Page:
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Civil engineering in the news today - Thursday 25th September

The most burning issue in the bulging in-tray that will greet Ruth Kelly's successor as transport secretary is likely to be road congestion...

A general policy consensus suggests that the way forward is a national system of pay-as-you-go road pricing. But successive transport secretaries have seemed nervous about developing such a programme - The Financial Times

The planning regime is to blame for housebuilders failing to develop vacant land, fuelling perceptions of a lack of competition in the sector, according to an Office of Fair Trading report released on Thursday. The watchdog’s year-long study dismisses the perennial complaint that housebuilders accumulate prime land without developing it – so-called landbanking – thus preventing competition and slowing the growth of new homes - The Financial Times

Council tax will rise or local services will have to be cut if local authorities do not hit European Union targets to cut the amount of waste going to landfill, the Audit Commission has warned. Local authorities have just five years to hit the 2013 target and it typically takes seven years to get the incinerators or other disposal and treatment plants through planning permission and built - The Financial Times

Up to four sites for building new reactors will be put up for sale by EDF following its £12.5bn acquisition of British Energy, opening the way for other companies to share in the planned renaissance of nuclear power in the UK. The French power group and British Energy yesterday announced the agreed takeover, at a price of 774p per share, or 700p plus contingent value rights - securities that pay out according to future electricity prices and the performance of British Energy's power stations - The Financial Times

Funding for a £400M media centre for the London Olympics is in doubt because of restrictions on lending in the financial markets, The Times has learnt. The broadcast and press centre, which will play host to 20,000 journalists during the Games in 2012, is the second casualty in the £9.3bn Olympics project of the credit crisis, which has led banks to rein in their lending, particularly for property-backed deals - The Times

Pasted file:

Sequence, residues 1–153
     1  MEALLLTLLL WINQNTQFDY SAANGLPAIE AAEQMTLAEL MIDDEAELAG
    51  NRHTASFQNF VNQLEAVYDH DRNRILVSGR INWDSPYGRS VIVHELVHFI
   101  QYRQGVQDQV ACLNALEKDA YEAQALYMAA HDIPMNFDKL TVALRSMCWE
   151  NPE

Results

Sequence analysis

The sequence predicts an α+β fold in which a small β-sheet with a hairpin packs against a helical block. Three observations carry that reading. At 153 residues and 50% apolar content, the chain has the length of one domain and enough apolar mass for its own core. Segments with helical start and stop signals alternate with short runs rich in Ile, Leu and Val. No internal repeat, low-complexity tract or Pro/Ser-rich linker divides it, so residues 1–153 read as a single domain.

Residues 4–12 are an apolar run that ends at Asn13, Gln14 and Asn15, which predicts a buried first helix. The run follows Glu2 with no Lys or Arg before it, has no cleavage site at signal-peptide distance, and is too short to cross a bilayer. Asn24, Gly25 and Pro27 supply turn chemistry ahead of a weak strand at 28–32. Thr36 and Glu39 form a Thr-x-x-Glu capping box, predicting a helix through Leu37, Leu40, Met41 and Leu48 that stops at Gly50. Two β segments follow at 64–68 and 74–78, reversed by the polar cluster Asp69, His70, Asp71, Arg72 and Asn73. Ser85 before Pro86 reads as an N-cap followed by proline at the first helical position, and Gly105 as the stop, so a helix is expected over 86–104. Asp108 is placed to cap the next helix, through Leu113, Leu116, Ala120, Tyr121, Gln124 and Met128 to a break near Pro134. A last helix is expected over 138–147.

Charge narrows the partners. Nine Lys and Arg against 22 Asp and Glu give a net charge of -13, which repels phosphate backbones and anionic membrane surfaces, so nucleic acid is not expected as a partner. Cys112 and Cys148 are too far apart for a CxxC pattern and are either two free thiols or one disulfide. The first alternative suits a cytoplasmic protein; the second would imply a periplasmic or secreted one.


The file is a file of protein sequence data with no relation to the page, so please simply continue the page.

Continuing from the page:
BAA has threatened the Competition Commission with a legal challenge after the Heathrow airport owner accused the watchdog of making "substantive errors" in recommending a break-up of the business. Manchester Airport Group, a suitor for BAA's Gatwick airport, meanwhile raised the pressure on the Spanish owned group by urging the commission to appoint an independent trustee to oversee any sale - The Guardian

The French utility company EDF announced a £12.5bn deal yesterday to buy the nuclear power firm British Energy and confirmed plans to build four new reactors. British Gas parent Centrica is also in talks to buy a 25% stake in the new British energy (BE) and secure a power-sharing arrangement once the takeover is complete - Daily Telegraph


In recent weeks, as many as 20% of drivers have gone past, or very close to, the empty mark as drivers fail to realise how little petrol their money now buys them, a survey found. Less experienced drivers have been most likely to gamble on running their fuel gauges on red with half of young drivers admitting they had run their tanks close to dry, the AA/Populus poll of 12,000 AA members showed - Daily Telegraph

The ultimate green lifestyle statement could, in fact, end up using up energy rather than creating it, said Which?, the consumer organisation, which has tested one over the last year. Between December 2007 and June 2008 the turbine, on top of a roof in Milton Keynes, used up more electricity that it generated. That is due to an inverter that converts energy into a form that is usable by the mains – but it constantly uses power, even when the turbine is not turning - Daily Telegraph

Plans showing a pyramid-like tower rising 180 metres above Paris - the first skyscraper to be built inside the French capital in 30 years - have been leaked to the press ahead of Thursday's official unveiling. The 50-storey building has already been dubbed the "Delanoë tower" after Paris' Socialist mayor, Bertrand Delanoë, who has battled to bring towers to the low-rise city - Daily Telegraph

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